New Delhi: Remarkable growth of over 36% in merchandise exports in December 2010, is expected to improve India’s current account scenario that represents net outflow of income from the country, barring capital movement.
Against the export target of $200 billion, the country’s outward shipments are projected between $215-225 billion in the current fiscal, according to commerce secretary Rahul Khullar.
“Exports for December 2010 are $22.5 billion, imports are $25.1 billion. Trade deficit is only $2.6 billion, the lowest trade deficit in the last 3 years and that is very good news in terms of keeping our CAD in check,” Khullar said.
The December exports growth was 33-month high, while imports contracted by 11.1%.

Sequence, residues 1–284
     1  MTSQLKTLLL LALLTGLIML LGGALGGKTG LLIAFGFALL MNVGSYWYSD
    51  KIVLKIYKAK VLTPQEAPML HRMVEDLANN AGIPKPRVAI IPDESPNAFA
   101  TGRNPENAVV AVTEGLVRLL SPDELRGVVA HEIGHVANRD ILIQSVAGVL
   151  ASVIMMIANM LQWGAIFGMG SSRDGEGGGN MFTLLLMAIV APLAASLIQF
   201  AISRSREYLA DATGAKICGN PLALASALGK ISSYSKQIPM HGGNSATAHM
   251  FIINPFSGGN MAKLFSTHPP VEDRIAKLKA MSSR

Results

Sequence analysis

With April-December 2010-11 exports growing by 29.5% and imports by 19%, the total trade deficit is expected to be $120 billion against the earlier estimates of $135 billion.
“You save $15 billion in your (import) bill..That’s big money”, the commerce secretary said.
As a result of a “remarkable job” by exports, the country’s current account gap, of which trade balance is a major component, is likely to be lower than 3.5%, “which people, including economists from the International Monetary Fund were forecasting”.
Some of the economists were even apprehensive of the current account gap being at 3.7% of the gross domestic product (GDP).
India’s current account deficit, representing net flow of income out of the country barring capital movements, surged 72% to $15.8 billion in the July-September quarter over the same period last year.
The current account deficit, which includes deficit in external trade of goods, services, besides net investment income, stood at 2.9% of GDP last fiscal.